Many of us may find Christmas difficult this year, for lots of different reasons.
It might be that you usually enjoy the festive period, but you're worried about how coronavirus will affect things.
Or you may have found Christmas tough in the past. This year might feel no different, or it may still feel harder than previous years.
Below are some common feelings you might experience about Christmas during the pandemic. You may also have many other difficult emotions that aren’t recognised here.
If you often struggle with your wellbeing around Christmas, our information on why Christmas is hard may help.
"Christmas can be a tricky time, even without the pandemic. The news tends to assume we all want to have this big Christmas with family. We are all different. For some, a small Christmas might be a blessing."
Christmas can be an overwhelming time if you are grieving. It can feel hard whether you've lost someone recently or a long time ago. This year might feel even harder if you haven't been able to grieve properly or receive the right support because of coronavirus. You may even have missed saying goodbye to people who died. Christmas can have happy memories, like remembering a person’s favourite Christmas song or TV programme. But it can also cause sadness, anger or regret. Your experience, and what helps you cope, will be individual to you. See our pages on bereavement for more information and ways to find support. Cruse Bereavement's page on facing Christmas without a loved one also has some tips to help you cope.
You may have missed out on certain experiences because of coronavirus. This might have been cancelling events like a holiday or wedding, or not being able to make changes in your life. These lost experiences can cause sadness and disappointment, and even feelings of grief. If you can't have your usual Christmas, this might feel like another loss. For example, you may not be able to see people you’d like to or attend events which bring you joy and comfort. This may feel harder if there are lots of adverts and news stories about how coronavirus has affected Christmas. New Year may also cause similar feelings, if it makes you look back at what you've missed out on. For some of us, the pandemic may also mean we will spend Christmas alone, or away from people we might usually see. Our tips for spending Christmas alone during coronavirus may help with this.
Lots of us may feel angry or frustrated that Christmas is treated as a priority, but other festivals aren't. For example, you might feel overlooked if Eid, Diwali, Thanksgiving or Hanukkah aren't given the same public recognition or special government rules as Christmas. You may also feel ignored by news stories or social media posts about the 'perfect' Christmas, and how that might differ this year. This might include assumptions about what Christmas is usually like, such as spending time with family. This may feel difficult if it's different from your experiences.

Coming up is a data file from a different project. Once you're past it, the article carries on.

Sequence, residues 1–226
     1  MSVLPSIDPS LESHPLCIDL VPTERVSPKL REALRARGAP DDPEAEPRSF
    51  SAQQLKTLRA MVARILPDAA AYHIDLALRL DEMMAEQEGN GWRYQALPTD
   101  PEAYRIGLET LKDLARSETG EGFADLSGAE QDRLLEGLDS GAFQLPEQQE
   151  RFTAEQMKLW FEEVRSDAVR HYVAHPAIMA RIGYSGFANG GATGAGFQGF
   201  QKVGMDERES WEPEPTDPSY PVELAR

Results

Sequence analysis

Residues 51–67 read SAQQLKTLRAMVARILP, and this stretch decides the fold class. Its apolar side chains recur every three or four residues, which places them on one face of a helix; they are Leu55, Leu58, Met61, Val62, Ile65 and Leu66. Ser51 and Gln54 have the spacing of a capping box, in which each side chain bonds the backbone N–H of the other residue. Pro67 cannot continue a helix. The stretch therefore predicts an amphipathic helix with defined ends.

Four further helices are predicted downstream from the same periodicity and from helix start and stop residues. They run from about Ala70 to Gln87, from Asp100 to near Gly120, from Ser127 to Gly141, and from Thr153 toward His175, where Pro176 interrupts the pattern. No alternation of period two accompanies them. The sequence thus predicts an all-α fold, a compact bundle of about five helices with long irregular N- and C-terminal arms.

You might feel pressure if people around you have different priorities over Christmas. For example, your friends or family may have different views about following health or travel guidelines. This may be stressful or upsetting, especially if you're asked to do things which make you uncomfortable. You may also feel pressure to be around people you aren’t comfortable with, or be in a place that makes you feel unsafe. This time of year is often especially hard if you have experience of abuse or trauma. Our pages on abuse and trauma have more information, and links to organisations who can help. The charity Refuge also has advice if you may be experiencing abuse during coronavirus.
Living with uncertainty can feel stressful and tiring. For example, this may be knowing where we can go or who we can spend time with. This might also affect things like planning gifts, meals or travel. For many of us, money may also feel tighter than usual this year. This might be because of redundancy or worries about how the pandemic may affect our income and finances. This may be harder if we also feel pressure to spend more. For example, if there is focus in the media on supporting the economy. See National Mind's pages on money and mental health for advice which may help.
You may wish you could skip this Christmas altogether. This may be because of coronavirus or other events in your life. And the idea of celebrating when there are problems in the world might feel like a waste of energy, or like it's in bad taste. You may feel like coronavirus gives you permission not to bother with Christmas. This might feel like a positive thing. But you may also feel guilty or ashamed, for example if it means not seeing friends or family.
National Mind have put together a list of useful contacts as well as tips for coping during the festive period.